• user/private_key for ssh based pull/push
  • user/password for https based pull/push

use a git https based approach use (gitlabappadev.tsi-af.de, seems git ssh not enabled) :

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node {
  stage 'Checkout'
  git branch: '2.7.0.Final', credentialsId: '3a6a12be-0b9a-45af-9c41-4f21fa1543e3', url: '<HTTPS>://gitlabappadev.tsi-af.de/julien.siebenthal/demo-jenkins.git'
  // ** NOTE: This 'M3' maven tool must be configured in the global configuration.
  defmvnHome = tool 'M3'
  stage 'Build'
  sh "${mvnHome}/bin/mvn -f demo/pom.xml clean install"
  stage 'Deploy'
  defbuilder = newcom.openshift.jenkins.plugins.pipeline.OpenShiftBuilder("""demo-jenkins""demo"null"""""""""true""""""")
  stepbuilder
}

Jenkins web console

From there you can directly interact with the web console of your project.

screen%20shot%202016-11-24%20at%2009_38_12

Jenkins access to Gitdev private repo using ssh, to Gitlabappadev using https:

  1. Access your jenkins pod
    1. access jump server
    2. locate where your Jenkins pod run (which node), then ssh to the corresponding machine
    3. from there in the shell:
      >> docker exec -it <jenkins_pod_ID> /bin/bash
    4. cd in the pod session
    5. you should be in the /var/jenkins_home
    6. create a ssh key in my case:
      >> ssh-keygen -t rsa -C “USERNAME@masterd3.tsi-af.de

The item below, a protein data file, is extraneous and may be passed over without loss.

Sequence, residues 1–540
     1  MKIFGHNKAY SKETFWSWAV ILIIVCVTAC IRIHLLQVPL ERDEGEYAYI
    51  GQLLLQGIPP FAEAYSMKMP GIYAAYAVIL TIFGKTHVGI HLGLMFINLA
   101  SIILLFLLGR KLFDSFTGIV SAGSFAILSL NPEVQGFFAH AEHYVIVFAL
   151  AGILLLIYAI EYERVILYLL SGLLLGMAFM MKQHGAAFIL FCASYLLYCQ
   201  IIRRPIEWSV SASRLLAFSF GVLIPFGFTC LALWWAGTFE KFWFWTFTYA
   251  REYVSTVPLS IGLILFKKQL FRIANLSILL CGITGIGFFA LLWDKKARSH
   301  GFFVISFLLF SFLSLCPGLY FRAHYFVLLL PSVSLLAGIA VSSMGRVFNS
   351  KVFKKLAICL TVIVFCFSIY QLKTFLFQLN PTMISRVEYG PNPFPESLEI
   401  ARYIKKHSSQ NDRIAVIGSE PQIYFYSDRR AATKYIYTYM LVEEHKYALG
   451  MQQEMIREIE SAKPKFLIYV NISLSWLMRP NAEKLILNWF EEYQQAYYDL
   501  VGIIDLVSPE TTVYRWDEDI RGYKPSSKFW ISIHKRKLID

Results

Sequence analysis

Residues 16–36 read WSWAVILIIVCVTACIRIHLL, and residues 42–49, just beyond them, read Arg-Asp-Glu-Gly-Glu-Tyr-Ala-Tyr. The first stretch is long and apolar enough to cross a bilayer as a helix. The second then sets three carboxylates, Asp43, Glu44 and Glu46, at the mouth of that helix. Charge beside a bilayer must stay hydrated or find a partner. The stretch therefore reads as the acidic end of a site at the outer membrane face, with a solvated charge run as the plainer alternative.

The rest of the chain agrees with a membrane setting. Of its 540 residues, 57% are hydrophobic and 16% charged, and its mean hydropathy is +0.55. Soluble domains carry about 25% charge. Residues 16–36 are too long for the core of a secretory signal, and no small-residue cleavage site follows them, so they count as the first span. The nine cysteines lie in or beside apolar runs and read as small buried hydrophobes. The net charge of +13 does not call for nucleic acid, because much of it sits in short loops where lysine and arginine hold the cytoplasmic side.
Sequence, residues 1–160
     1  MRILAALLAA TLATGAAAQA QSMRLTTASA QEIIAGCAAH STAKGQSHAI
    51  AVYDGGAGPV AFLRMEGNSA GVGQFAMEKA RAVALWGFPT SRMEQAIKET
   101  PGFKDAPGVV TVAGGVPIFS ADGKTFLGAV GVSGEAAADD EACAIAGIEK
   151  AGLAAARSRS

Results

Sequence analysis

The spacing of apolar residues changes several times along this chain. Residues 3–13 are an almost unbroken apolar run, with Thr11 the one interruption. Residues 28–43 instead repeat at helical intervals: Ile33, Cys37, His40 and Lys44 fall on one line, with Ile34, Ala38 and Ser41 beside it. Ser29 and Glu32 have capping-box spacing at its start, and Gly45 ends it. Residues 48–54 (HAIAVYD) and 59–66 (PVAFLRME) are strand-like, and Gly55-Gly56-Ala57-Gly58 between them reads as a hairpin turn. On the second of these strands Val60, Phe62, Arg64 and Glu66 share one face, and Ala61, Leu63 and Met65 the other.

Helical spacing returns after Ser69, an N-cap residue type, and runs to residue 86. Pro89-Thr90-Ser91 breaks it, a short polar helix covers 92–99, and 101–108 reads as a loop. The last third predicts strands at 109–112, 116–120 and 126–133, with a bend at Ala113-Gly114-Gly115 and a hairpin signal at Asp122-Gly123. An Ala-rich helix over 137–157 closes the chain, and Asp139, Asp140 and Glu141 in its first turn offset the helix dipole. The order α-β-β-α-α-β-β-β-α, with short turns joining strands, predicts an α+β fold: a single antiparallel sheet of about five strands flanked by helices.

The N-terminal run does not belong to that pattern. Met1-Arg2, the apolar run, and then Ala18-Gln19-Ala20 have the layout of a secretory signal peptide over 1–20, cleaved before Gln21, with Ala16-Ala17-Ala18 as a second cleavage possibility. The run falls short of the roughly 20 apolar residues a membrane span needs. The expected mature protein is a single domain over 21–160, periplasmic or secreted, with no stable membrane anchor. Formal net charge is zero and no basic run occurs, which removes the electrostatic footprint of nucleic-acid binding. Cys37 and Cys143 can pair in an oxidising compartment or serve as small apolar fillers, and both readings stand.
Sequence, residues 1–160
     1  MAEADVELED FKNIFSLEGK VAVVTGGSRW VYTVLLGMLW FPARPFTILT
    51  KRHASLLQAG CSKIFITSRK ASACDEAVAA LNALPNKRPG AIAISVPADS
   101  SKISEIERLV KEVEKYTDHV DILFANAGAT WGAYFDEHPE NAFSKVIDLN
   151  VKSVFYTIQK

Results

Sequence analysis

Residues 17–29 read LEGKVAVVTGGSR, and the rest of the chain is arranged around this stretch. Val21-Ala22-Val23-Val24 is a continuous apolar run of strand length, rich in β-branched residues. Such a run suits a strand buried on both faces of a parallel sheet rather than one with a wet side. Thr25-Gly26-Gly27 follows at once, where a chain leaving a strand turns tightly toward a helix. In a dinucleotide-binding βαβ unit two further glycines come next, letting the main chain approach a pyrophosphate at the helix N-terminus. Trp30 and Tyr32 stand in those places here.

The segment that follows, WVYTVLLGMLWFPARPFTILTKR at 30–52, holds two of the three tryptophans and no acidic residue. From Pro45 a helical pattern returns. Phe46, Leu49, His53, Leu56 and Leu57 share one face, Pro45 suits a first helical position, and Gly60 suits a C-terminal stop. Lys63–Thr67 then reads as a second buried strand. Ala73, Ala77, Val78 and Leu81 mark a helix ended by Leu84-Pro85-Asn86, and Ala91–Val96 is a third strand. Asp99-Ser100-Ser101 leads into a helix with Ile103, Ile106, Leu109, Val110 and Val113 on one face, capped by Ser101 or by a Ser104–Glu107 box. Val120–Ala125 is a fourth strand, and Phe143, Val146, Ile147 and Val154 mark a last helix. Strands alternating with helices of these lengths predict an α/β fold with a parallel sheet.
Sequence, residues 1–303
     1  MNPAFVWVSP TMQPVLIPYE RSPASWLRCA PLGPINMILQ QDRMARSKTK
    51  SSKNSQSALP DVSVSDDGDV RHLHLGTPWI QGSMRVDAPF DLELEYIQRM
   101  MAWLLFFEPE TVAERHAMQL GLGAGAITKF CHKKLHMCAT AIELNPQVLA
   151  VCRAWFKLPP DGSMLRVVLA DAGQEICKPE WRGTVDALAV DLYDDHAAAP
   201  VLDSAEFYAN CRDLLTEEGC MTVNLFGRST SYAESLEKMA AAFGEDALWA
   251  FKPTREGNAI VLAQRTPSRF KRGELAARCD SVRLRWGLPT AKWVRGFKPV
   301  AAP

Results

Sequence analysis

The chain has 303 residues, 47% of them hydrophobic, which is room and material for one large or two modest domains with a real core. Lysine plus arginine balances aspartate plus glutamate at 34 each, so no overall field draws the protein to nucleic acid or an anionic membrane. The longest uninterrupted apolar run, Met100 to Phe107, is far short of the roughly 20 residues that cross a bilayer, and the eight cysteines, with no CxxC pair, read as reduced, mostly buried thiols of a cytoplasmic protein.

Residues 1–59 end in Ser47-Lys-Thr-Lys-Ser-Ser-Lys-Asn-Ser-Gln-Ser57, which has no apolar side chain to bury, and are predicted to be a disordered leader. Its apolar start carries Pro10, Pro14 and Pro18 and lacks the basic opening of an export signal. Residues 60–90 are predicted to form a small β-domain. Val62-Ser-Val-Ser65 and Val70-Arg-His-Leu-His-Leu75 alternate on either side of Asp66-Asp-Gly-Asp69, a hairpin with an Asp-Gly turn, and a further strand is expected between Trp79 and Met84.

7. it asks for a passphrase, you should put one and record it somewhere safe
    8. a pair is created, by default the id_rsa (private key) and id_rsa.pub (public key)
    9. not finished, once done you must be sure you can access the gitdev (gitlab) server, type :
      >> ssh -T git@gitdev.tsi-af.de
    10. during the authentication process the daemon asks for the passphrase you have introduced earlier if you set one, give it
    11. the ssh daemon will ask you if you want to authenticate to the gitdev server, obviously yes.
  2. In the Jenkins web console
    1. be sure to have the proper module for ssh authentication so to say:
      1. SSH-Agent plugin
      2. SSH plugin (normally it is required by the first one and will be installed automatically)
      3. Credentials binding plugin
    2. restart the Jenkins server once the plugins are downloaded
    3. then you should go into the Credentials option displayed from now on the web console
      1. you should define a domain
        1. set this to the hostname gitdev.tsi-af.de
      2. and from this domain a key based new credential
        1. indicate you want a ssh authentication with private key and indicate the correct location of it (in my case /var/jenkins_home/.ssh/id_rsa) and do not forget to set the passphrase
        2. IMPORTANT: leave the credentialID field empty, once you save, one will be created automatically for you. This ID is tremendously important, it will be added into the Jenkinsfile workflow script
        3. save the credential.screen%20shot%202016-11-18%20at%2012_03_27
    4. go in your workflow build project and adapt the script, mine is: